IT decision-makers believe that these kinds of supply chain attacks are to become one of the biggest threats to their organizations in the coming year. But most have not vetted either their current or prospective suppliers in the past 12 months.
To stay ahead of it, now is the time for organisations to put a response strategy into place. Until they do, this will remain an attractive target.
#4: Increased risk for SMBs
The world has changed but the age-old mantra still applies: attack agents will always go for the easiest target. That is what is driving the growth in supply chain attacks – and is also behind the increasing frequency of attacks on SMBs.
In its 2020 Internet Crime Report, the FBI recorded 791,790 complaints of suspected internet crime among small businesses (300,000 more than in 2019), and total losses of more than $4.2 billion.
SMBs may not have the resources or expertise to protect themselves adequately, but they still have valuable information residing within their systems. That’s why they are subject to growing numbers of targeted and complex attacks.
In addition, the recent mass shift toward remote and hybrid working practices has seen people’s private and professional lives becoming intertwined, often resulting in a less than diligent approach to cybersecurity. With that, SMBs have experienced a jump in cyberattacks as a result of human error. In fact, human error is responsible for a staggering 95 percent of data breaches, an issue that has only been heightened by the effects of the pandemic.
As such, it has become clear that just like everyone else, SMBs need robust cybersecurity that includes all layers, from software to the physical and everything in between.
Enter, AI-infused cybersecurity solutions. AI has the power to reduce human intervention, allowing data to be secured without the need for extensive knowledge or training.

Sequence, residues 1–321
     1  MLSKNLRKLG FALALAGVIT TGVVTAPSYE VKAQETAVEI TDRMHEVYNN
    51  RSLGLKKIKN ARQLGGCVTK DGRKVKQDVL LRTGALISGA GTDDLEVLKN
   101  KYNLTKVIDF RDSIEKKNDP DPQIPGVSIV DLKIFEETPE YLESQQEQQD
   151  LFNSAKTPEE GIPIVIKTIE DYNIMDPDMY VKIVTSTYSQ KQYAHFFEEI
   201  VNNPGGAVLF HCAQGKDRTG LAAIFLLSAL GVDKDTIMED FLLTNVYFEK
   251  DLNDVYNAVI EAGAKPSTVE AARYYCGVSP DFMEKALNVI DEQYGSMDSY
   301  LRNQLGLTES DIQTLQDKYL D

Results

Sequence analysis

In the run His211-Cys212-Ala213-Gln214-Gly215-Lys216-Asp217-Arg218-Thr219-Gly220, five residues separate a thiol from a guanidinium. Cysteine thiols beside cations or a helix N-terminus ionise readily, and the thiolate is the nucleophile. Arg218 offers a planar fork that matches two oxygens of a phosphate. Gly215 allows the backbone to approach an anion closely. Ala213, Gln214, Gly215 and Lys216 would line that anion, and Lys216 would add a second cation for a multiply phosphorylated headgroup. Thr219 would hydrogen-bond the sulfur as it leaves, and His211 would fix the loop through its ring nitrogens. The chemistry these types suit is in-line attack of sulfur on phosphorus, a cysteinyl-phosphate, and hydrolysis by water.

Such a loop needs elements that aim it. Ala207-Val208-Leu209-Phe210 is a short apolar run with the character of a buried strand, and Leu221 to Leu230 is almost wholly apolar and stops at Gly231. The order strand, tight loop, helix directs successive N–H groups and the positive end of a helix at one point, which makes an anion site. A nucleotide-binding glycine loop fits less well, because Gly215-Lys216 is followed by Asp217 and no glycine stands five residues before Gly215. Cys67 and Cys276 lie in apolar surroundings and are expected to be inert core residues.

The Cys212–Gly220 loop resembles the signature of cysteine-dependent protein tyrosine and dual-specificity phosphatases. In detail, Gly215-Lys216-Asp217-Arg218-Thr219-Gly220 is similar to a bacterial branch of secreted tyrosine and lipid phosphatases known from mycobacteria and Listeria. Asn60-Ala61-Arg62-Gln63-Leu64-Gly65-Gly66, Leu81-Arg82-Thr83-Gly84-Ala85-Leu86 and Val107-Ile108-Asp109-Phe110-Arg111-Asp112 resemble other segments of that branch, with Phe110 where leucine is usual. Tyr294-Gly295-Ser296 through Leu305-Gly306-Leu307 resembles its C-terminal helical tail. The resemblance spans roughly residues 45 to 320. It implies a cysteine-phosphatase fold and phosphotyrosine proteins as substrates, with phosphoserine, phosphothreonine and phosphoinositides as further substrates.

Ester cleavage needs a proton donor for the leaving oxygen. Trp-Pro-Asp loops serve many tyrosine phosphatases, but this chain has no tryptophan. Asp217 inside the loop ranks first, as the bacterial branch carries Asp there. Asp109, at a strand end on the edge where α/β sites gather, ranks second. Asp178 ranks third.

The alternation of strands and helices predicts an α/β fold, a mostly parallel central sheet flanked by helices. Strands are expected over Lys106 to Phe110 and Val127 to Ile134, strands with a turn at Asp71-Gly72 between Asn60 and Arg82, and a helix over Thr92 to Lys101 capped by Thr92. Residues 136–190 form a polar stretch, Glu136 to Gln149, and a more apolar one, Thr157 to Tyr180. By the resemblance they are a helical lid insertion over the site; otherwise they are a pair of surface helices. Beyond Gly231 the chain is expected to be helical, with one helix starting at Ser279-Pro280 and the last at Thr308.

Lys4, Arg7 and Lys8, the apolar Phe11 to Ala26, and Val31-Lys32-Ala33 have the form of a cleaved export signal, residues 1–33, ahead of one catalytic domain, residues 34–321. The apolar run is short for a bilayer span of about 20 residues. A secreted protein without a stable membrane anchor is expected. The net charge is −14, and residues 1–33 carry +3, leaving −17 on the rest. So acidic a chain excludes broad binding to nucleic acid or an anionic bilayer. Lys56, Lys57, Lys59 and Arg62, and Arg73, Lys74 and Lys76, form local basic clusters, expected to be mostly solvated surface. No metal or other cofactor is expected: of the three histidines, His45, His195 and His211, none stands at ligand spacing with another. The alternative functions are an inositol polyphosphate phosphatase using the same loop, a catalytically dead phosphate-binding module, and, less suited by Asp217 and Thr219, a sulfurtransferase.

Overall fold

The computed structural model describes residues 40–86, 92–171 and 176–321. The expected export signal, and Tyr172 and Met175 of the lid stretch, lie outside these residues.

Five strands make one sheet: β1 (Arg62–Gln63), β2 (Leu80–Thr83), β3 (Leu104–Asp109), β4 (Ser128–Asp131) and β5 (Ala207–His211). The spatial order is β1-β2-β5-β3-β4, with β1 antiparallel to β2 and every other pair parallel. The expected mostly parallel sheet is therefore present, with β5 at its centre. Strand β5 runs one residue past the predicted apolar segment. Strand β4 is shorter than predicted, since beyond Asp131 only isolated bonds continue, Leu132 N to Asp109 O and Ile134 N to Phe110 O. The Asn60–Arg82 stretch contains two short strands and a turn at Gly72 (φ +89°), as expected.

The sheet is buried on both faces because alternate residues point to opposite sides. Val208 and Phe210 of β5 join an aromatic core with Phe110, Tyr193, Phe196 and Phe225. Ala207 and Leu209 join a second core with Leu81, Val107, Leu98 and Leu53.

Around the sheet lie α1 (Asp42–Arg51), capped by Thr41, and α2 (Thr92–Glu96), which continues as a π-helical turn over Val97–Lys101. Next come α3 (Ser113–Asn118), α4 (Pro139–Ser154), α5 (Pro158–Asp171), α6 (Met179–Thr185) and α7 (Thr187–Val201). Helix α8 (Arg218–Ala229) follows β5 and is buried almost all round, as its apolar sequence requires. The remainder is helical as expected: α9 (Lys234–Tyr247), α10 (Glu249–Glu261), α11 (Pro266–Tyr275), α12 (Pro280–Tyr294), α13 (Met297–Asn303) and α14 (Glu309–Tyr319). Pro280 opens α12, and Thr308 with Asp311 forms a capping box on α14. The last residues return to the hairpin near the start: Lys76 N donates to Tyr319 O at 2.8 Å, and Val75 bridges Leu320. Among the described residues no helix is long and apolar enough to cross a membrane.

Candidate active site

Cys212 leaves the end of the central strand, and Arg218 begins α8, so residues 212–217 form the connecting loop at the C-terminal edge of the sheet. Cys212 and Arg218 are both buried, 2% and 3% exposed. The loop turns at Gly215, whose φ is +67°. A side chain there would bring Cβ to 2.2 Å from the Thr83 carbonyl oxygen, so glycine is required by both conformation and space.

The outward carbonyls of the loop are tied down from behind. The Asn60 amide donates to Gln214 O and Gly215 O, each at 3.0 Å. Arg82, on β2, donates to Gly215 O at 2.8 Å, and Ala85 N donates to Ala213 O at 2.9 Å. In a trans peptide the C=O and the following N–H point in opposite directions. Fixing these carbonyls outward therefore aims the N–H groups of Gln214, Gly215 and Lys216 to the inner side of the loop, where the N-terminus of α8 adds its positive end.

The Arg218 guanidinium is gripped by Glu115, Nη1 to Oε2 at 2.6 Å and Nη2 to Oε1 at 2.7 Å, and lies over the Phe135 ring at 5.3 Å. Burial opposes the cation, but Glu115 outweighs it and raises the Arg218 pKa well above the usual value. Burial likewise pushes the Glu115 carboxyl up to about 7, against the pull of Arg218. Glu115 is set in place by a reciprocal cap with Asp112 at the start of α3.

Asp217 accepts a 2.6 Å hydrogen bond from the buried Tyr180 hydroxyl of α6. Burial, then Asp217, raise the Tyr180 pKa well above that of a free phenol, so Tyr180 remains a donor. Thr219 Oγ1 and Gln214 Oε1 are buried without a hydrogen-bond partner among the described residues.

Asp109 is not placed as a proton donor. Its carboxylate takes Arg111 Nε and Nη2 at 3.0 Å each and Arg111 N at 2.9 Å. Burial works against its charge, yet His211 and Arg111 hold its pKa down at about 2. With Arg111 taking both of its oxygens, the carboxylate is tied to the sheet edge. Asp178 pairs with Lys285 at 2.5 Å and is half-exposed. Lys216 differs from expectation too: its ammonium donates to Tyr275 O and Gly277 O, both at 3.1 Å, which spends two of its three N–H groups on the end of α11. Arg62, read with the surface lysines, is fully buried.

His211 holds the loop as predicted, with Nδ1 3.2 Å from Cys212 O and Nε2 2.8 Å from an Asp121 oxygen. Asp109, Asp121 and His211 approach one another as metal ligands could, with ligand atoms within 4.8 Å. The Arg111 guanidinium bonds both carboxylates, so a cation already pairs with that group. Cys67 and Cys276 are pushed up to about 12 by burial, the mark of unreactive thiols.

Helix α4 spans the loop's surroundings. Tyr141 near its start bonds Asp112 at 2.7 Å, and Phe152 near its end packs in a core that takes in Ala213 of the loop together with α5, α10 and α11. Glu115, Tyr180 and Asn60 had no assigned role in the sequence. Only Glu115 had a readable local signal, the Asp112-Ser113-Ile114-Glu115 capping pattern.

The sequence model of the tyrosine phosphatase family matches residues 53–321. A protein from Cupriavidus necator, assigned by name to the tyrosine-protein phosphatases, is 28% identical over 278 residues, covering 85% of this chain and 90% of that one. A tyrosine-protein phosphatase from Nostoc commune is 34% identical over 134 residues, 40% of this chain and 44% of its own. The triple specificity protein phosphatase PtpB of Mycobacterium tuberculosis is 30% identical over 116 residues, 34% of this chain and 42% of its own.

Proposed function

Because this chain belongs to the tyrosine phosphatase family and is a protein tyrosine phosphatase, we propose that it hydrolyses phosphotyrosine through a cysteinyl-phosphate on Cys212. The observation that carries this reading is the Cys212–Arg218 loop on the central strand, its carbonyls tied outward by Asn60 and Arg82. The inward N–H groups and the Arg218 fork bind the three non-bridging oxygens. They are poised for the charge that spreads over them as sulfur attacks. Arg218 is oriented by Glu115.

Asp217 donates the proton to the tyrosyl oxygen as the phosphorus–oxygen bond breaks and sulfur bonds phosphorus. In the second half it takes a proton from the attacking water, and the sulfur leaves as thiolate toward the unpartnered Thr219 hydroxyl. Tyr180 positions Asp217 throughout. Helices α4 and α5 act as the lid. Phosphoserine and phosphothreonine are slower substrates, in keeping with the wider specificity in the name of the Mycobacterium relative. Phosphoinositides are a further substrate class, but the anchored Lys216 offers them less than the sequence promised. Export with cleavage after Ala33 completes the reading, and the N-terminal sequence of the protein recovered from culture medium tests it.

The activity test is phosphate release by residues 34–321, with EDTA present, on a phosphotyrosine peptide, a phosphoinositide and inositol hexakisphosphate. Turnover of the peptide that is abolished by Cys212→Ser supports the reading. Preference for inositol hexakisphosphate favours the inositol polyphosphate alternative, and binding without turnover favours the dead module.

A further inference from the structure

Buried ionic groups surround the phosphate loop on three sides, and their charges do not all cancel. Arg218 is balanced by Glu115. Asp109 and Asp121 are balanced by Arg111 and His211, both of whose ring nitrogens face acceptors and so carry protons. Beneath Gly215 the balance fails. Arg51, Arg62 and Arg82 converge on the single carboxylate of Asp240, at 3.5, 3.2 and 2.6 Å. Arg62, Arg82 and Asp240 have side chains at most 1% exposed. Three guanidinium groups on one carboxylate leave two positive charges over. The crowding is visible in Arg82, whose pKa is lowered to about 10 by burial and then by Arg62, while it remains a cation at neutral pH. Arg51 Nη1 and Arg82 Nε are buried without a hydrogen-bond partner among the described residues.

#5: Vulnerabilities in critical Infrastructure will be recognized
At the other end of the scale is critical national infrastructure, which is increasingly digitalized but reliant on security measures for control systems that were developed before data, sensors, and networking was embedded in core control systems.
Critical infrastructure is no more immune to the natural laws of cybersecurity than any other sector of the economy: surges in technological development create the perfect environment for cybercrime to flourish, and the targets with the highest value but weakest security will be top of the list.
An attack on just the building management system of just one New York City office block via a connected vending machine caused damage estimated at $350m. The economic impact of a severe cyber-attack on the US power grid could be at least $240bn.
But the motive to hit critical infrastructure isn’t just financial. It can be political too. Hacktivists, terrorists and foreign agents see energy grids, health systems, and transport logistics, as useful bargaining tools. Intelligent, bullet-proof solutions are needed, ideally a zero-trust architecture with AI-embedded cyber-secure SSD as the last line of defense.
This is X-PHY’s final, unofficial, prediction for 2022. Offense is getting smarter. So will the defense. This is the year that zero-trust architecture becomes the lens through which all cybersecurity solutions are viewed.
About the Author
Jaime Coreano is Vice President of Sales at Flexxon. As a Sales and Business Development executive with 25 years of experience in semiconductors, electronic components, and cybersecurity, his vision and strategy have greatly impacted the success of his clients in the Americas. Most recently, he has been involved in emerging Cyber Security solutions based on hardware level AI based protection against ransomware, data cloning, and physical attacks.
our company website https://www.flexxon.com/